• Range of progressively more severe illnesses due to increasingly overwhelming heat stress
  • Begins with dehydration and electrolyte abnormalities and progresses to thermoregulatory dysfunction and multisystem organ failure
  • Body temperature is maintained within a narrow range by balancing heat production with heat dissipation
  • Oxidative phosphorylation becomes uncoupled and essential enzymes cease to function above 108°F (42°C)

Heat Stroke
  • Core body temp >105°F (40.5°C)
  • Failure of thermoregulatory function leads to severe central nervous system (CNS) dysfunction and multisystem organ failure
  • Classic heat stroke (nonexertional):
    • Occurs in patients with compromised thermoregulation or an inability to remove themselves from a hot environment (e.g., extremes of age, debilitated)
    • Develops over days to weeks, usually during heat waves
    • Severe dehydration, skin warm and dry
  • Exertional heat stroke:
    • Younger, athletic patients with combined environmental and exertional heat stress (e.g., military recruits)
    • Develops over hours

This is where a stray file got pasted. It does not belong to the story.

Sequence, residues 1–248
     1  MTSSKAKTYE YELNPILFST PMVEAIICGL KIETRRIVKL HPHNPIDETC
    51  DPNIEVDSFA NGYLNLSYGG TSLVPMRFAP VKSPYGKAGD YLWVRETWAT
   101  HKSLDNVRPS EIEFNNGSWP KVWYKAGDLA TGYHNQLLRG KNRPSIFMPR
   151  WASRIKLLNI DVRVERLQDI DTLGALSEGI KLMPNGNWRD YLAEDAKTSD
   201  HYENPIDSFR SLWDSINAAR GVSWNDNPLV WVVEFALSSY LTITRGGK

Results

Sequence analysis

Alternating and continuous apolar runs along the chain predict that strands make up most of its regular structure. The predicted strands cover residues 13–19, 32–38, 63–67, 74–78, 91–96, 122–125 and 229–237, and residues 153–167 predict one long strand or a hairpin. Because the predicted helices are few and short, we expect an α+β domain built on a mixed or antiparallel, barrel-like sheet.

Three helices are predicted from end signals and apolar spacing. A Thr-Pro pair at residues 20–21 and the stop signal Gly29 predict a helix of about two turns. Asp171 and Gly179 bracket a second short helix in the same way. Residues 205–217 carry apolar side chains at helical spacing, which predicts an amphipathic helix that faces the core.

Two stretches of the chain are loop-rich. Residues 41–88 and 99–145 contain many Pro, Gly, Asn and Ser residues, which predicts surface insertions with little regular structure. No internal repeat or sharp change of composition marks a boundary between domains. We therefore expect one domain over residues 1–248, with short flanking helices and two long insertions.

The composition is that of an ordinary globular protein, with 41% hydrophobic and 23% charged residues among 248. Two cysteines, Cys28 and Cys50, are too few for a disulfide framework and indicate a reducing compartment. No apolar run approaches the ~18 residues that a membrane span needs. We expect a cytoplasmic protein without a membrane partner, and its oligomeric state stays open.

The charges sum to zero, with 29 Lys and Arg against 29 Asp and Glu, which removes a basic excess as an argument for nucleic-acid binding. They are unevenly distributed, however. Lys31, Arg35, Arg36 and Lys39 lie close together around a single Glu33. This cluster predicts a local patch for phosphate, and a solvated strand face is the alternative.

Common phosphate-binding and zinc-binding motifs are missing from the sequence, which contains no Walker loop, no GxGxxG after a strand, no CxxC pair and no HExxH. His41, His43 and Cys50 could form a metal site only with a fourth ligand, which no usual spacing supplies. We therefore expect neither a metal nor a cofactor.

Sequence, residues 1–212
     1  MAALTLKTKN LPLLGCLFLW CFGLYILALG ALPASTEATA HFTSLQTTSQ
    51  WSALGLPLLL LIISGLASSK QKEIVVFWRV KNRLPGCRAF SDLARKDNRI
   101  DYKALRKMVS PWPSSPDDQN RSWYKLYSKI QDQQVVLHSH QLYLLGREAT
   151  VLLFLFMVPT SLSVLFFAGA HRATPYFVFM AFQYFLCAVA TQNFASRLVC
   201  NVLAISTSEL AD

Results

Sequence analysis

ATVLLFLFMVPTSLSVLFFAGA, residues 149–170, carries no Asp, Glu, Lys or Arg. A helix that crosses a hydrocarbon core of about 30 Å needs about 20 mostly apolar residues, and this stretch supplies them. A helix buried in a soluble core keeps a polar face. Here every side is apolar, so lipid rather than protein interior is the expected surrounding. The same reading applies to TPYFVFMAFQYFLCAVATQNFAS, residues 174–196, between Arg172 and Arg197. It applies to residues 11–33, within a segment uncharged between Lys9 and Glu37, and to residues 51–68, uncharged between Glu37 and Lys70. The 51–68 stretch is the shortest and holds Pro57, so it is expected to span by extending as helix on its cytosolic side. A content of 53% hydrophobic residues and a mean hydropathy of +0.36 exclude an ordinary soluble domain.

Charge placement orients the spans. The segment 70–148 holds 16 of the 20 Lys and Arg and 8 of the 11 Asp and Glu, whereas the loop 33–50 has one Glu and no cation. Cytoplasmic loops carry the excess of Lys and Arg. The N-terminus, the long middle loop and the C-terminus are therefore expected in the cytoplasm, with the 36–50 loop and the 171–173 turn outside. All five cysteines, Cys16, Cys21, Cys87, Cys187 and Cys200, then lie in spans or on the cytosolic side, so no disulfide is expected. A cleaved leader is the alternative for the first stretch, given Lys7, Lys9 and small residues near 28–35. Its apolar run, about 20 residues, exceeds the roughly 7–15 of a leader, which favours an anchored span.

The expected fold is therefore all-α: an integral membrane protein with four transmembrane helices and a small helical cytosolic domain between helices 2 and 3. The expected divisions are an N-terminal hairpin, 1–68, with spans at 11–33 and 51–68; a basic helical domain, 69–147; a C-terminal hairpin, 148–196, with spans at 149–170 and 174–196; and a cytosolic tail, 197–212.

• Internal heat production overwhelms dissipating mechanisms, often despite persistent sweating

Heat Exhaustion
  • Core temp moderately elevated but usually <104°F (40°C)
  • Fluid and/or salt depletion occurs secondary to heat stress
  • Thermoregulatory function is maintained and CNS function is preserved
  • Variable nonspecific symptoms including malaise, headache, fatigue, and nausea
  • If left untreated, progresses to heat stroke


  • Pre-existing conditions that hinder the body's ability to dissipate heat predispose for heat-related illness:
    • Age extremes
    • Dehydration (incl. gastroenteritis, inadequate fluid intake)
    • Cardiovascular disease (incl. CHF, CAD)
    • Obesity
    • Diabetes mellitus, hyperthyroidism, pheochromocytoma
    • Febrile illness
    • Skin diseases that hinder sweating (incl. psoriasis, eczema, cystic fibrosis, scleroderma)
  • Pharmacologic contributors:
    • Sympathomimetics
    • LSD, PCP, cocaine
    • MAO inhibitors, antipsychotics, anxiolytics
    • Anticholinergics
    • Antihistamines
    • β-blockers
    • Diuretics
    • Laxatives
    • Drug or alcohol withdrawal
  • Environmental factors:
    • Excessive heat/humidity
    • Prolonged exertion
    • Lack of mobility
    • Lack of air conditioning
    • Lack of acclimatization
    • Occlusive, nonporous clothing

Pediatric Considerations
Children are at increased risk of heat illness due to increased body surface area to mass ratio and lower sweat production

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